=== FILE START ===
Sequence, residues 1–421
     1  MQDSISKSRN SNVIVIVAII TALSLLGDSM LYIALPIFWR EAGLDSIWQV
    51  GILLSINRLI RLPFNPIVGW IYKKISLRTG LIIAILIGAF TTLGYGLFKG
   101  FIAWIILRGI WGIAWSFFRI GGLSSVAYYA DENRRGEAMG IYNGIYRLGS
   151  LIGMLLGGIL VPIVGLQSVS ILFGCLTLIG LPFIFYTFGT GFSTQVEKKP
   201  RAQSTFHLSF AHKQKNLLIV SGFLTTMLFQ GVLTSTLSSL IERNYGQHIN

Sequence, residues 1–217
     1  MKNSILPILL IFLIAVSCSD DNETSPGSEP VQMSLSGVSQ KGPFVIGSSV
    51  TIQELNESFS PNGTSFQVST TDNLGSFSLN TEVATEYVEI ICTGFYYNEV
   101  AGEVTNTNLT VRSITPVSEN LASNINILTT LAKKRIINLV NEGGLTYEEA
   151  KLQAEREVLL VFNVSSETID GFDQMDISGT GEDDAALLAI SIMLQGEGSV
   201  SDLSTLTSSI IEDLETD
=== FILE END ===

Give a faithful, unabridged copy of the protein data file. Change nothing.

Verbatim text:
Sequence, residues 1–421
     1  MQDSISKSRN SNVIVIVAII TALSLLGDSM LYIALPIFWR EAGLDSIWQV
    51  GILLSINRLI RLPFNPIVGW IYKKISLRTG LIIAILIGAF TTLGYGLFKG
   101  FIAWIILRGI WGIAWSFFRI GGLSSVAYYA DENRRGEAMG IYNGIYRLGS
   151  LIGMLLGGIL VPIVGLQSVS ILFGCLTLIG LPFIFYTFGT GFSTQVEKKP
   201  RAQSTFHLSF AHKQKNLLIV SGFLTTMLFQ GVLTSTLSSL IERNYGQHIN

Sequence, residues 1–217
     1  MKNSILPILL IFLIAVSCSD DNETSPGSEP VQMSLSGVSQ KGPFVIGSSV
    51  TIQELNESFS PNGTSFQVST TDNLGSFSLN TEVATEYVEI ICTGFYYNEV
   101  AGEVTNTNLT VRSITPVSEN LASNINILTT LAKKRIINLV NEGGLTYEEA
   151  KLQAEREVLL VFNVSSETID GFDQMDISGT GEDDAALLAI SIMLQGEGSV
   201  SDLSTLTSSI IEDLETD